The consultations concern three EU directives:

  • Directive 2005/29/EC on unfair commercial practices,
  • Directive 2011/83/EC on consumer rights,
  • Directive 93/13/EEC on unfair terms in consumer contracts.

Will further broad-ranging legislation to regulate the Internet prove necessary, such as the Digital Services Act or Digital Markets Act? Will a new act, given the working title Digital Fairness Act by EC official Egelyn Braun, be necessary?

The consultations will continue until 20 February 2023.


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In December 2022 Polish government proposed new rules on distribution of wind power in an attempt to promote renewable energy. The draft of legislation imposes an obligation on an investor constructing a wind farm on the territory of a given municipality to set aside at least 10% of the installed capacity for the use of interested residents of this municipality. According to the draft such residents will be treated as virtual prosumers. Being a virtual prosumer gives one the possibility to generate electricity for one’s own needs from a renewable energy source connected to the grid in a place other than one’s place of residence. The same so-called net-billing system would apply to virtual prosumers as in case of standard renewable energy prosumer. Such system is based on separate settlement of the value of electricity injected into the power grid and electricity taken from the grid, based on the value of energy determined according to the exchange price. Each resident in the municipality will have the right to enter into virtual prosumer agreement for a period up to 15 years.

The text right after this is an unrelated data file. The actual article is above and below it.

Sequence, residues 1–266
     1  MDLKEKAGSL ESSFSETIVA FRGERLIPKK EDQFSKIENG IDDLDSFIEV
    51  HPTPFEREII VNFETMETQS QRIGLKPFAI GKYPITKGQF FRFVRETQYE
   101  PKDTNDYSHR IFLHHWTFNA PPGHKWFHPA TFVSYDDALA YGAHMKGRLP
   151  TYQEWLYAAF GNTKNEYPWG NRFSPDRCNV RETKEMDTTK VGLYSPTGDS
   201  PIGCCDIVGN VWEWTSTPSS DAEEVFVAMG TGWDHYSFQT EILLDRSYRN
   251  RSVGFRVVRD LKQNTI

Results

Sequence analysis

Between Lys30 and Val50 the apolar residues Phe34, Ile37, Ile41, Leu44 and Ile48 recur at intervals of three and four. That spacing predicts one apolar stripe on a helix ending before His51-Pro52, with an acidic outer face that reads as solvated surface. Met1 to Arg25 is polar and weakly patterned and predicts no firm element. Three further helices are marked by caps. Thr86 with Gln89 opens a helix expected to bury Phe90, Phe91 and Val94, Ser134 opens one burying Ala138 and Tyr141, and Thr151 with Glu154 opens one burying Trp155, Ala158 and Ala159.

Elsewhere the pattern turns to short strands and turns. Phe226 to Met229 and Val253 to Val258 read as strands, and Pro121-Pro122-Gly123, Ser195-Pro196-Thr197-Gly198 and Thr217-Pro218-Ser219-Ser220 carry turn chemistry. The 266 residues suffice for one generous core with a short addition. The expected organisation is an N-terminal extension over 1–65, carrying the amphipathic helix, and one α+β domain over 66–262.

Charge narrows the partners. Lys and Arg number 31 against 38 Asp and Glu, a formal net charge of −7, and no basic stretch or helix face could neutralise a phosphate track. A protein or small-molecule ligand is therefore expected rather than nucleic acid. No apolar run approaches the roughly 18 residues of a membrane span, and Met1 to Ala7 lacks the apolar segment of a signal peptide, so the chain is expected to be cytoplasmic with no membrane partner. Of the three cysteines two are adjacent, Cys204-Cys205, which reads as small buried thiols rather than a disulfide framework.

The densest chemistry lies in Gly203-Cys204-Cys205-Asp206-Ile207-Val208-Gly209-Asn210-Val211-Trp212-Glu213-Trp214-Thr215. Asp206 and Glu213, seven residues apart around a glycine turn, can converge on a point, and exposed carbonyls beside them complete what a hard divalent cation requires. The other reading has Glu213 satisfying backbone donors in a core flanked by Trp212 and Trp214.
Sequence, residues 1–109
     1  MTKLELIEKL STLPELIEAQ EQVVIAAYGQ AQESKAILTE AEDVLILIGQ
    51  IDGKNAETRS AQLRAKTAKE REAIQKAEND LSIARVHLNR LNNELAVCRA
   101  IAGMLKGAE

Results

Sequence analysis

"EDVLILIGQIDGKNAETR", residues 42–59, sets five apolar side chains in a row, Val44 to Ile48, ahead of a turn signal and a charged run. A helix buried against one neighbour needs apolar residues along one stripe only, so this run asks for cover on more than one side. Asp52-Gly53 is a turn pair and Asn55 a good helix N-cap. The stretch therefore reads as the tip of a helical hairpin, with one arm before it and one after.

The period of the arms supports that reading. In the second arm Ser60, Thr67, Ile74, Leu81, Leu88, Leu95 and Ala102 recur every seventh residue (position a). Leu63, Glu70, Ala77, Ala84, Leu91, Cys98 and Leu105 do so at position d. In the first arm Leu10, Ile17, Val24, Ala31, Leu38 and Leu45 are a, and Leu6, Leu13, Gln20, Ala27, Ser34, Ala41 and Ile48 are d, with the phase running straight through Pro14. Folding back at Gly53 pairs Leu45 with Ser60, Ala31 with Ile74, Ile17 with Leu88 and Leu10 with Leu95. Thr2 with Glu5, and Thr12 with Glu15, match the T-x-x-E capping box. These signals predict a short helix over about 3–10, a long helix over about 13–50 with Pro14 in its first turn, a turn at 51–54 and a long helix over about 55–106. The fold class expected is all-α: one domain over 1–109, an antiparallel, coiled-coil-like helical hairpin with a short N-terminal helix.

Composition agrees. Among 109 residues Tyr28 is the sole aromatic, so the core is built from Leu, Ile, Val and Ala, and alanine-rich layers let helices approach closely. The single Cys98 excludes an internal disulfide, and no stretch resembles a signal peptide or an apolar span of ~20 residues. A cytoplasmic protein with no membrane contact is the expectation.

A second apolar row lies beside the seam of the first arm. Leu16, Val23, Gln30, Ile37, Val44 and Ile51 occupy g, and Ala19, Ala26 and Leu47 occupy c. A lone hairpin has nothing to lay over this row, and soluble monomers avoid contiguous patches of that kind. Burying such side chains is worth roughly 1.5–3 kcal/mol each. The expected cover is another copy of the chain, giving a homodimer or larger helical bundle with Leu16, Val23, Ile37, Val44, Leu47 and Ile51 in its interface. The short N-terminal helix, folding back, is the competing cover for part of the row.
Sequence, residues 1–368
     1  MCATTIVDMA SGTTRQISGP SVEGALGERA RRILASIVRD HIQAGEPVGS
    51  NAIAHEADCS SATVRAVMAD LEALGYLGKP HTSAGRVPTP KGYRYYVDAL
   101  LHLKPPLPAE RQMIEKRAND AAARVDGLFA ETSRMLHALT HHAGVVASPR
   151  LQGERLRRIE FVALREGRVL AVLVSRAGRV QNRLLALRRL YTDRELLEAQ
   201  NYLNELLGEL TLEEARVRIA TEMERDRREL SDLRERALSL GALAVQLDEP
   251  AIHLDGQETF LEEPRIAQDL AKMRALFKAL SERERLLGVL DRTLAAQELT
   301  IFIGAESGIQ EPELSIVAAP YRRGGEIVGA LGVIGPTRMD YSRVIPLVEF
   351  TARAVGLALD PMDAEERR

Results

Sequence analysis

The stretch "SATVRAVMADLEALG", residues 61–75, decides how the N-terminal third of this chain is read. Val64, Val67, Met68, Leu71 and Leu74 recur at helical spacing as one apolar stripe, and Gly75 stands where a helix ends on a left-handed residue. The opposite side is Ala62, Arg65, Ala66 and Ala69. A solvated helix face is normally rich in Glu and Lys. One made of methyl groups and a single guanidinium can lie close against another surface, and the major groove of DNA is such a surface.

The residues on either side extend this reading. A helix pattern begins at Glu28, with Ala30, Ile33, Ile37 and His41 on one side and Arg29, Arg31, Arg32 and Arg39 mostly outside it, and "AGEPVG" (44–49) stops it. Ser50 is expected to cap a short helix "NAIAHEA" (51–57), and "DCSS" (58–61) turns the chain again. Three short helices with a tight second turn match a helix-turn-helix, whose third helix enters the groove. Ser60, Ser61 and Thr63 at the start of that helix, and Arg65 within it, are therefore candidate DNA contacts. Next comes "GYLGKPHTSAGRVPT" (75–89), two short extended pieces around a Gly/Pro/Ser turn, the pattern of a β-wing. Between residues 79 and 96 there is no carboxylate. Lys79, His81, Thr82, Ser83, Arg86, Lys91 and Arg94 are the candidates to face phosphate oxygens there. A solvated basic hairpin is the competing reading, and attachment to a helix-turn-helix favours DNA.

The draft of legislation provides for specific rules for cooperation between the residents and the investor, as well as between the investor and the municipality.

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A new proposal was published today by the Government Legislation Centre for amendment of the Act on Copyright and Related Rights and certain other acts.

The act is intended to implement

  • Directive 2019/790 on copyright and related rights in the Digital Single Market (DSM), and
  • Directive (EU) 2019/789 laying down rules on the exercise of copyright and related rights applicable to certain online transmissions of broadcasting organisations and retransmissions of television and radio programmes (SATCAB)

The changes proposed in the new version affect issues such as

  • transmission of works;
  • retransmission and distribution of works;
  • online content-sharing service providers;
  • radio and television programs;
  • television broadcasting of sports events;
  • use of works that are not commercially available;
  • the right to press publications as part of digital services.

For more about the new proposal, go to – link.